Pharos, The Egyptian - Guy Boothby - ebook

Pharos, The Egyptian ebook

Guy Boothby

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Opis

There was a Victorian / Edwardian fascination with evil geniuses. Professor Moriarty, Fu Manchu, Count Fosco, Dracula, Dr. Nicola – they and many others were hiding in the shadows, using their magnetism to persuade others to their will and their significant mental gifts for evil purposes. This is an exciting story for those who like the somewhat predictable traditions of late Victorian history.

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Liczba stron: 500

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Contents

Preface

Chapter 1

Chapter 2

Chapter 3

Chapter 4

Chapter 5

Chapter 6

Chapter 7

Chapter 8

Chapter 9

Chapter 10

Chapter 11

Chapter 12

Chapter 13

Chapter 14

Chapter 15

Chapter 16

Chapter 17

Chapter 18

Chapter 19

Chapter 20

Chapter 21

Preface

Being a Letter from Sir William Betford, of Bampton St. Mary, in Dorsetshire, To George Trevelyan, of Lincoln’s Inn Fields, London.

“My dear Trevelyan: Never in my life have I been placed in such an awkward, not to say invidious, position. I am, as you know, a plain man, fond of a plain life and plain speaking, and yet I am about to imperil that reputation by communicating to you what I fancy you will consider the most extraordinary and unbelievable intelligence you have ever received in your life. For my own part I do not know what to think. I have puzzled over the matter until I am not in a position to judge fairly. You must, therefore, weigh the evidence, first for us both. For pity’s sake, however, do not decide hastily. In dubiis benigniora semper sunt præferenda, as they used to say in our school days, must be our motto, and by it we must abide at any hazards. As far as I can see, we are confronted with one of the saddest and at the same time one of the most inexplicable cases ever yet recorded on paper. Reduced to its proper factors it stands as follows: Either Forrester has gone mad and dreamed it all, or he is sane and has suffered as few others have done in this world. In either case he is deserving of our deepest pity. In one way only are we fortunate. Knowing the man as we do, we are in a position to estimate the value of the accusations he brings against himself. Of one thing I am convinced–a more honourable being does not walk this earth. Our acquaintance with him is of equal length. We were introduced to him, and to each other, on one and the same occasion, upward of twelve years ago; and during that time I know I am right in saying neither of us ever had reason to doubt his word or the honour of a single action. Indeed, to my mind he had but one fault, a not uncommon one in these latter days of the nineteenth century. I refer to his somewhat morbid temperament and the consequent leaning toward the supernatural it produced in him.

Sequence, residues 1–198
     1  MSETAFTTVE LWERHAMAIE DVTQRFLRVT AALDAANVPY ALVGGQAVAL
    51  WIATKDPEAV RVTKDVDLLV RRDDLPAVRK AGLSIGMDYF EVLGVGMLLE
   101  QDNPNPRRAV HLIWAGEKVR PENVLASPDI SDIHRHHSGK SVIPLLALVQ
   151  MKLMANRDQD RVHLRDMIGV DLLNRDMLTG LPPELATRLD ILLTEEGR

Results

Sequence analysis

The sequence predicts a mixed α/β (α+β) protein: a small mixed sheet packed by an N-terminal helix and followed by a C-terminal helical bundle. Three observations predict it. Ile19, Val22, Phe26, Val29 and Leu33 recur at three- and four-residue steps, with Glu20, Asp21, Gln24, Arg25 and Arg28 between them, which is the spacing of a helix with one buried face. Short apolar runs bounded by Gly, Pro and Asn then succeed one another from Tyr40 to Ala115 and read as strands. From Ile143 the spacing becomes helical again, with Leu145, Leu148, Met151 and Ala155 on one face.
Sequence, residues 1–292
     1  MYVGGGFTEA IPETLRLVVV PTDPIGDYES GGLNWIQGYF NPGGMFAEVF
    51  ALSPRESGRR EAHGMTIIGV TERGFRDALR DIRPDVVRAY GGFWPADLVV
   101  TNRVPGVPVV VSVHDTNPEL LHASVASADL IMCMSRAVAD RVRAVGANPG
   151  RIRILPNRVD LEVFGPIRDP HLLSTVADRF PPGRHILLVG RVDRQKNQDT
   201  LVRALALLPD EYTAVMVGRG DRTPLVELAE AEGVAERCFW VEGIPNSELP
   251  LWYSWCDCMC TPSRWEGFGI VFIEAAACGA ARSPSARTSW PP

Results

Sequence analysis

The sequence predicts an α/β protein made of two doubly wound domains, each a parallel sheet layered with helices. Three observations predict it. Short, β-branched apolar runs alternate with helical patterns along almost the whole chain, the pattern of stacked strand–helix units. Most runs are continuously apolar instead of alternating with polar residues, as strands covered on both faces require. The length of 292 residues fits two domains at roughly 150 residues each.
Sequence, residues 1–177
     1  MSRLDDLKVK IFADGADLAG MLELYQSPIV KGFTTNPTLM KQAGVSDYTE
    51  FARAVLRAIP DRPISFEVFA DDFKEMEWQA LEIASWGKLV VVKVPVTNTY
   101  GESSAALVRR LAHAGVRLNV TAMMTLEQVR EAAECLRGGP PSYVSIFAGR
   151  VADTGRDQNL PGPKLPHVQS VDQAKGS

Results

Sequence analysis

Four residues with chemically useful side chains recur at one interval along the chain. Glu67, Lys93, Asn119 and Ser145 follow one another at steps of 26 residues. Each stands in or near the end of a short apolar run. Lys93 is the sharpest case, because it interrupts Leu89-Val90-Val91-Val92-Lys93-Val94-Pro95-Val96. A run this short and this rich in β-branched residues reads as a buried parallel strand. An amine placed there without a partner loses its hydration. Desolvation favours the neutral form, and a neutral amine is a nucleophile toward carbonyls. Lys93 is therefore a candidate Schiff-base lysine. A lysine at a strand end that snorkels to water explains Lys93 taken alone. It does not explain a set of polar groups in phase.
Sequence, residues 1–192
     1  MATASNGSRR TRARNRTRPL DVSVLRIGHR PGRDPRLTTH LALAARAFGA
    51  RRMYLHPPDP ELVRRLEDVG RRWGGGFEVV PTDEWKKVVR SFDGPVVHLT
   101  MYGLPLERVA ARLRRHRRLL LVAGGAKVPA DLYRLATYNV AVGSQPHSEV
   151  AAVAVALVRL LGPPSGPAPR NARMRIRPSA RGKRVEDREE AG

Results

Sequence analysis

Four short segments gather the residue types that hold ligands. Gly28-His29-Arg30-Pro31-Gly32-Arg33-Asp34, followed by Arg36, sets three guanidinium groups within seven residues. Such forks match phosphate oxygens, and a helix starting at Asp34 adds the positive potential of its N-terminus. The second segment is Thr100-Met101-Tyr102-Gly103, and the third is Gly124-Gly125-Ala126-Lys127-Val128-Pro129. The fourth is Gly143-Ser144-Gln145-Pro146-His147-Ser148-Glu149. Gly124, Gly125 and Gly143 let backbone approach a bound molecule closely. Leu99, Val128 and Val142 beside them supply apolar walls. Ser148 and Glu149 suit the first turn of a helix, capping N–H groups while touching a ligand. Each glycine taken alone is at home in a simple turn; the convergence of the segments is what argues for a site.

“As the world has good reason to remember, his father was perhaps the most eminent Egyptologist our century has seen; a man whose whole mind and being was impregnated with a love for that ancient country and its mystic past. Small wonder, therefore, that the son should have inherited his tastes and that his life should have been influenced by the same peculiar partiality. While saying, however, that he had a weakness for the supernatural, I am by no means admitting that he was what is vulgarly termed a spiritualist. I do not believe for an instant that he ever declared himself so openly. His mind was too evenly balanced, and at the same time too healthy to permit such an enthusiastic declaration of his interest. For my part, I believe he simply inquired into the matter as he would have done into, shall we say, the Kinetic theory of gases, or the history of the ruined cities of Mashonaland, for the purpose of satisfying his curiosity and of perfecting his education on the subject. Having thus made my own feelings known to you, I will leave the matter in your hands, confident that you will do him justice, and will proceed to describe how the pathetic record of our friend’s experiences came into my possession.

“I had been hunting all day and did not reach home until between half-past six and seven o’clock. We had a house full of visitors at the time, I remember, some of whom had been riding with me, and the dressing-gong sounded as we dismounted from our horses at the steps. It was plain that if we wished to change our attire and join the ladies in the drawing-room before dinner was announced, we had no time to lose. Accordingly we departed to our various rooms with all possible speed.

“There is nothing pleasanter or more refreshing after a long day in the saddle than a warm bath. On this particular occasion I was in the full enjoyment of this luxury when a knocking sounded at the door. I inquired who was there.